Genetic and nongenetic influences on handedness
- Cite this article as:
- Annett, M. Behav Genet (1978) 8: 227. doi:10.1007/BF01072826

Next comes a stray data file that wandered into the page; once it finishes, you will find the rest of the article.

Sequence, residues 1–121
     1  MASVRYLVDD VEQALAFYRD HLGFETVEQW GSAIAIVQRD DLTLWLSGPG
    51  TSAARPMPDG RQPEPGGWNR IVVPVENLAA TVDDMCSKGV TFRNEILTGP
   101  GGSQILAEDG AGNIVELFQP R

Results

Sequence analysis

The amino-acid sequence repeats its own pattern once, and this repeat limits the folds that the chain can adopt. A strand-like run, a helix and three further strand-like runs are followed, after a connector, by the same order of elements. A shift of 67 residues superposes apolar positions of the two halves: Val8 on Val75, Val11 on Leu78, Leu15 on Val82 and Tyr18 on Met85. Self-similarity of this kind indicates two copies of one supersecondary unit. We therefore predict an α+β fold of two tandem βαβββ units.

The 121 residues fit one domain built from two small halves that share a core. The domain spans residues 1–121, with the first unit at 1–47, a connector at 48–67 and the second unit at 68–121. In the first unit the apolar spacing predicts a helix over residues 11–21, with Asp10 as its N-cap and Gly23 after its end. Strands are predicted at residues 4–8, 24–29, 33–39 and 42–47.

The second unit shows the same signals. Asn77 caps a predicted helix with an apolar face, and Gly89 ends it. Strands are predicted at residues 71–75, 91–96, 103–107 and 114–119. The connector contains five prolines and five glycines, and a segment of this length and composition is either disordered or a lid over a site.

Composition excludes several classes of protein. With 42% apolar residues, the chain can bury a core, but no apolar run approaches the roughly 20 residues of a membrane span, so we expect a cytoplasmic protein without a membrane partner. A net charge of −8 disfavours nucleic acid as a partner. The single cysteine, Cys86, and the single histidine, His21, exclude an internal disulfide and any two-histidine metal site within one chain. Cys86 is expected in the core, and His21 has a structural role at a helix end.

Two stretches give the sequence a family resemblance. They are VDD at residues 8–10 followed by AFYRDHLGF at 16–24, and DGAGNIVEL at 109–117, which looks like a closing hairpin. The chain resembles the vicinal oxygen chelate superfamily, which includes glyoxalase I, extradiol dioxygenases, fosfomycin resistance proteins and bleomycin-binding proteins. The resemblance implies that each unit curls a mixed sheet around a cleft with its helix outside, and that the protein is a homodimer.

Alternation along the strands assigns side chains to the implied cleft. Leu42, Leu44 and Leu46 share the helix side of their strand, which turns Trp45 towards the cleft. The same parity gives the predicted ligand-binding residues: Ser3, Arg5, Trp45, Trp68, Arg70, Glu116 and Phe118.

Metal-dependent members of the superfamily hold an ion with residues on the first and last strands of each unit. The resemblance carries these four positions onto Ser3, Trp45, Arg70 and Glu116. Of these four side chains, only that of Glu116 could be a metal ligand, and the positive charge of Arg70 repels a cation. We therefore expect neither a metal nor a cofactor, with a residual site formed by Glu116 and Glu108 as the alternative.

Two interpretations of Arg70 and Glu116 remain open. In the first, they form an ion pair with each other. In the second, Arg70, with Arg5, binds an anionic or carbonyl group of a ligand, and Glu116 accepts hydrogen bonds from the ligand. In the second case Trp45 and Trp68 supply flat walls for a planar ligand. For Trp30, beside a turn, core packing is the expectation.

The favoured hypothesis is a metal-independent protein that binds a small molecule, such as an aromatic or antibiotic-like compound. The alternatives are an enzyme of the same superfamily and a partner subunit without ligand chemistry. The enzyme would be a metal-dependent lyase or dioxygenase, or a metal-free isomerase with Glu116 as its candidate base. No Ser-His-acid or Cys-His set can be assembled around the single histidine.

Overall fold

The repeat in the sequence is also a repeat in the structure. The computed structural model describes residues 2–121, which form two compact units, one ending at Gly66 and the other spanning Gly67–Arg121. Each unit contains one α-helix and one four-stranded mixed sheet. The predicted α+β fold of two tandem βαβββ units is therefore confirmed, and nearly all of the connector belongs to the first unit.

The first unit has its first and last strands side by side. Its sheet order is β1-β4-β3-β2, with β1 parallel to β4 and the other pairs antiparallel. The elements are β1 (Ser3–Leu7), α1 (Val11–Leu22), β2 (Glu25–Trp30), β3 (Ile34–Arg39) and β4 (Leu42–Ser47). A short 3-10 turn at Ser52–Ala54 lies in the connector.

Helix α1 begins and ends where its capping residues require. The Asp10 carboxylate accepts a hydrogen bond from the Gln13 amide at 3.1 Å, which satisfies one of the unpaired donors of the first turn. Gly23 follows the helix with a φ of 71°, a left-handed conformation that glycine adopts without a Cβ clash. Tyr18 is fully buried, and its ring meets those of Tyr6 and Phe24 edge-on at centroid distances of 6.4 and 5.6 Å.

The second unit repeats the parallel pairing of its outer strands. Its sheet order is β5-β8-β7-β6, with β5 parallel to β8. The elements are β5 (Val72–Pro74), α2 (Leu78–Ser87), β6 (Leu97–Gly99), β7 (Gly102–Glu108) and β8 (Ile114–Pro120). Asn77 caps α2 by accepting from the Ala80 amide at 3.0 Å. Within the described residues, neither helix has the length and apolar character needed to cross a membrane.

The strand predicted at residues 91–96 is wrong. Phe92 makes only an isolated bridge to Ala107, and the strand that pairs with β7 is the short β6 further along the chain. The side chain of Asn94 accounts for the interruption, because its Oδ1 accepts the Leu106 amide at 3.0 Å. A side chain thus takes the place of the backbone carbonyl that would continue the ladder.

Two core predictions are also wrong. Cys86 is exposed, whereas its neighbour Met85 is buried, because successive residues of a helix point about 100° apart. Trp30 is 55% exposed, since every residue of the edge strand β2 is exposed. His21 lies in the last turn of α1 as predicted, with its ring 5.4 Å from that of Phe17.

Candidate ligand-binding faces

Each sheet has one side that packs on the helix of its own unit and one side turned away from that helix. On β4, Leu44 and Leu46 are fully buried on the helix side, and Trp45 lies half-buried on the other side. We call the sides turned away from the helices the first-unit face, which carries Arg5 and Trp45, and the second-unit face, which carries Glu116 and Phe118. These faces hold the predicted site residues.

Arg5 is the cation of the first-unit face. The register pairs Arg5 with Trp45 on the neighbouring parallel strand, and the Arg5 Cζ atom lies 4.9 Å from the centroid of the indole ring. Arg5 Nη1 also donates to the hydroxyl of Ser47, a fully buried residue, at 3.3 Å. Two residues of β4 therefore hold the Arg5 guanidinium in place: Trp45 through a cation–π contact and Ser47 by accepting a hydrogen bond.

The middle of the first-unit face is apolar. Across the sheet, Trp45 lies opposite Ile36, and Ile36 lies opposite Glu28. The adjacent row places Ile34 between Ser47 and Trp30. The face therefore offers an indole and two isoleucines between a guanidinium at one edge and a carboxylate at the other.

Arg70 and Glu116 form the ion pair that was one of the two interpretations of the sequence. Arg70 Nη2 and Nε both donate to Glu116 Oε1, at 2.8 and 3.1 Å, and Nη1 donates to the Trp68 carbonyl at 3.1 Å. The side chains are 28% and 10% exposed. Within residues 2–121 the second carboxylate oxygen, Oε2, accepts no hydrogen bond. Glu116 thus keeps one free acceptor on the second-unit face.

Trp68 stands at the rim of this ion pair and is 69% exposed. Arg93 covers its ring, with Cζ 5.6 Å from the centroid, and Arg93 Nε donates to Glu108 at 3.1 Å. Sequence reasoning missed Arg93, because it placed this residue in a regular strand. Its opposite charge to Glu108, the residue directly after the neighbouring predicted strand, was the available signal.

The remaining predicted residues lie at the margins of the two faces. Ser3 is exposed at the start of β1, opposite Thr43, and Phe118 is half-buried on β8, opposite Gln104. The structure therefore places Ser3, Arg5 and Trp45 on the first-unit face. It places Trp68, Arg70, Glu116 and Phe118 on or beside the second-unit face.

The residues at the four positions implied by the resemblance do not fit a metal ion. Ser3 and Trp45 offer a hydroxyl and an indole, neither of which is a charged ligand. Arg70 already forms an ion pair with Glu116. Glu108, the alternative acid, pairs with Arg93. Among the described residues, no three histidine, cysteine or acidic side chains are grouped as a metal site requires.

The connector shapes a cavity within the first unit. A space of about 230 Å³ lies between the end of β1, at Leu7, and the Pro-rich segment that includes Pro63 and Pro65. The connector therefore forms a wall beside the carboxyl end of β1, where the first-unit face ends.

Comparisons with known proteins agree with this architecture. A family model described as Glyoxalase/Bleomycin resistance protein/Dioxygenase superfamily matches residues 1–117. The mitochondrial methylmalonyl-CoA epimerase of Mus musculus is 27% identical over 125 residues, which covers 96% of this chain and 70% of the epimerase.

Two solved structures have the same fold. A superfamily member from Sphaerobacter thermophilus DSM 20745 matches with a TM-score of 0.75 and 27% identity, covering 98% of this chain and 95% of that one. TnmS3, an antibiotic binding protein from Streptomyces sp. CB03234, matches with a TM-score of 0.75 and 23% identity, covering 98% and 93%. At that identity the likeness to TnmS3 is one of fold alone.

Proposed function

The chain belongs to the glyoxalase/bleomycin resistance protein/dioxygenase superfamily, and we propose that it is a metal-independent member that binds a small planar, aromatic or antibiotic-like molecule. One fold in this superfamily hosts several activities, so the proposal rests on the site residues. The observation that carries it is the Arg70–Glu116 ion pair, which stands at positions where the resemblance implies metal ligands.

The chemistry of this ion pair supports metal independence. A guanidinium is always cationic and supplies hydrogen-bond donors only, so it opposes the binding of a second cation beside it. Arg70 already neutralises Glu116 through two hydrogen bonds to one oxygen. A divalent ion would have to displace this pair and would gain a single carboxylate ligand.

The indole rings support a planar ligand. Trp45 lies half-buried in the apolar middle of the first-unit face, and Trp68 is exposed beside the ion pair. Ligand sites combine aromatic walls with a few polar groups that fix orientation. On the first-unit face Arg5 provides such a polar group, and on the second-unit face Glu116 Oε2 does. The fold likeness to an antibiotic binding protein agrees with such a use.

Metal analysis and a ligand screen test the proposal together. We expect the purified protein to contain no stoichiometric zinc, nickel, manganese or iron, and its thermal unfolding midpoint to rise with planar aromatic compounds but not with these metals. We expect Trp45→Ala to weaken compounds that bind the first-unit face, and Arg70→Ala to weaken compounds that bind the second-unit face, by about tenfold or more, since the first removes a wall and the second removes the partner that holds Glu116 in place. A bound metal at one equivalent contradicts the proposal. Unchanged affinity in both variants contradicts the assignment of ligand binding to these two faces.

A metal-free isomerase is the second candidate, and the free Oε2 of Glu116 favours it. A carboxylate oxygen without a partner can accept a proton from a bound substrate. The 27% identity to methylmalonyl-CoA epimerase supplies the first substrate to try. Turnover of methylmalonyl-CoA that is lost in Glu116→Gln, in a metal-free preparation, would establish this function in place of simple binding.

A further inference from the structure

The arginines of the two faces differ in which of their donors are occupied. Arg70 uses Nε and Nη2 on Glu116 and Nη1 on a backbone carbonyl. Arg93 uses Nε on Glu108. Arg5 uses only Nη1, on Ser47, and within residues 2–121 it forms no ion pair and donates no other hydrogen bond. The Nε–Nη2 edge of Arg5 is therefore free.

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A brief review of theories of the causes of handedness shows why the major determinant is probably accidental variation, modified in man by a genetic factor inducing dextral bias. Levy's (1976, 1977) criticisms of Annett (1973) are answered by a detailed consideration of Chamberlain's (1928) report and by the presentation of an alternative analysis of the Hull family data using a criterion more similar to that of Rife (1940). The revised analysis is incompatible with the Levy-Nagylaki (1972) model of the genetics of handedness. New data on family preferences in two further student samples support the Hull findings. Data on manual skill in families are more consistent with an accidental than with a polygenic origin of human variability in handedness.